New York’s largest private health care provider announced 1,400 employees ‘had to exit’ for refusing vaccine

Northwell Health, the largest private healthcare provider in the state of New York, confirmed on Monday that it “had to exit” 1,400 staff members who refused to get vaccinated for COVID-19.

In a statement to Fox News, a company spokesperson opted to focus on the fact that most of its members chose to get vaccinated, and after the noncompliant were fired that Northwell Health is now 100% vaccinated as a company. A feat that she said will allow the company to “provide exceptional care at all of our facilities, without interruption and remain open and fully operational.”

The spokesperson said in the release: “Northwell regrets losing any employee under such circumstances, but as health care professionals and members of the largest health care provider in the state, we understand our unique responsibility to protect the health of our patients and each other. We owe it to our staff, our patients, and the communities we serve to be 100% vaccinated against COVID-19.”

“Northwell believes that having a fully vaccinated workforce is an important measure in our duty to protect the health and safety of our staff, our patients and the communities we serve,” she added.

Gov. Kathy Hochul made a final hour appeal to the unvaccinated to join the “family” of the vaccinated.

“To those who have not yet made that decision, please do the right thing,” the Democratic governor said at a press briefing, according to Fox News. “A lot of your employers are anxious to just give you the jab in the arm and say you’re part of the family, we need your help to continue on.”

On Tuesday, Hochul had moved on from the loss of so many jobs by tweeting about the “coolest news of the day,” which was a report from the New York Times that William Shatner, the 90-year-old actor who played Captain Kirk in “Star Trek,” will launch to the edge of space this month on New Shepard, a tourist rocket built by Blue Origin.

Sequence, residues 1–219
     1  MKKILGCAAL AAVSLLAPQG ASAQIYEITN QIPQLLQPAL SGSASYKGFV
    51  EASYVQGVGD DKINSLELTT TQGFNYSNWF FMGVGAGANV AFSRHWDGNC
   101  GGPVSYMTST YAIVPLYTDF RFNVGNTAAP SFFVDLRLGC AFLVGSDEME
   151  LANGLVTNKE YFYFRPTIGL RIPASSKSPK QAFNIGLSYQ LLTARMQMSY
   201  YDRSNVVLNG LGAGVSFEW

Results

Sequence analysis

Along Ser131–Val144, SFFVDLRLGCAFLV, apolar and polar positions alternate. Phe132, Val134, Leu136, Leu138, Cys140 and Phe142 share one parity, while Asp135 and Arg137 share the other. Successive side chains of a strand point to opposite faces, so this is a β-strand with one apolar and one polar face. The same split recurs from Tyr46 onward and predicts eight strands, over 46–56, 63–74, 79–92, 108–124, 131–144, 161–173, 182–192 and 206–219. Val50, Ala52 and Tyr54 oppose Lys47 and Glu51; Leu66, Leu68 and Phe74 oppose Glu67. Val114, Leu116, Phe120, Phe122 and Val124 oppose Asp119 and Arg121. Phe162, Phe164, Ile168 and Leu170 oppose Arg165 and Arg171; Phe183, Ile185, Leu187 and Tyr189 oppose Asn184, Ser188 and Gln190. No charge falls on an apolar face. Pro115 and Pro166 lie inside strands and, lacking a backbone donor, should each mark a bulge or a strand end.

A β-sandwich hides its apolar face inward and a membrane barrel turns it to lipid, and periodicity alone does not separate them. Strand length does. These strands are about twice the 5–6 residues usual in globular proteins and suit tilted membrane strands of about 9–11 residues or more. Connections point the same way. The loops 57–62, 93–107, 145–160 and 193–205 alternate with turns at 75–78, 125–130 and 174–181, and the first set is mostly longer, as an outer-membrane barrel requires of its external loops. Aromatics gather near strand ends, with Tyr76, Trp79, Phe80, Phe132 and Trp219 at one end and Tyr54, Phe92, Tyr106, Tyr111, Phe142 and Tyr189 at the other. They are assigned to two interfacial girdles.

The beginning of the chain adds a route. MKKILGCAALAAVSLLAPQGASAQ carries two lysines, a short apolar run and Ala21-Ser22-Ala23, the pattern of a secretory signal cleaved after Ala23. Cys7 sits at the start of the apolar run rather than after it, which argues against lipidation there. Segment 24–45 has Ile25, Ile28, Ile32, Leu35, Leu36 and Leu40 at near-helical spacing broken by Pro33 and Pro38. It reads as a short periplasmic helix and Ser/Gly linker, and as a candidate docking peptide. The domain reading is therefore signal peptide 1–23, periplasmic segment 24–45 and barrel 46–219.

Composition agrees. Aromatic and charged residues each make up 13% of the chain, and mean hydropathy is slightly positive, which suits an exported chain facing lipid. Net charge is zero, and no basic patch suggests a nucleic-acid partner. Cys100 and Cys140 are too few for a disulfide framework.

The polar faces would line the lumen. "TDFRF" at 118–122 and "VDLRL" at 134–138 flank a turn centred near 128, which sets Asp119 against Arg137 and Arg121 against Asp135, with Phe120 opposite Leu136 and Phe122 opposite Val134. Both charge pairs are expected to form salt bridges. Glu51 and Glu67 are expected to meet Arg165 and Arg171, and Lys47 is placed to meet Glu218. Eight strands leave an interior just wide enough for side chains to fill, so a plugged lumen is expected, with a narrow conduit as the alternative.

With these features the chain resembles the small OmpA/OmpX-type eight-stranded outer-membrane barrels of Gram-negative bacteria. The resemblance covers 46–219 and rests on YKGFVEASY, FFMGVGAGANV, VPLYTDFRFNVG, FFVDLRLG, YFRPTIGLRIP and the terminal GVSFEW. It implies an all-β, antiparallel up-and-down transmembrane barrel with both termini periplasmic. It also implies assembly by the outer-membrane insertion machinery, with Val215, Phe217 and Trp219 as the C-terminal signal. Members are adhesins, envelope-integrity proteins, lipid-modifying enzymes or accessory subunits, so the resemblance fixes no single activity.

“Taking Live Long and Prosper to new heights,” Hochul tweeted.

The governor also announced that she signed legislation to launch a $25 million relief program to help New Yorkers in need and support small businesses — which will presumable now include many of the workers fired on Monday.

Adding insult to injury, the employees fired because of refusal to get the vaccine are not eligible for unemployment insurance without a doctor-approved request for medical accommodation.

Citing legal experts, USA Today reported last month that private companies are free to set conditions of employment as long as they do not violate existing state and federal laws, and that there is no federal law prohibiting companies from requiring vaccines.

“Guidance from the U.S. Equal Employment Opportunity Commission says employers are not prohibited from requiring employees who are physically at the workplace to get vaccinated, as long as the requirements comply with other workplace laws,” the newspaper reported. “For example, the requirements must provide reasonable accommodations for those with disabilities and religious exemptions. Similarly, the U.S. Justice Department wrote in a legal opinion that businesses may lawfully require employees to get vaccinated against COVID-19.”

Tom Tillison


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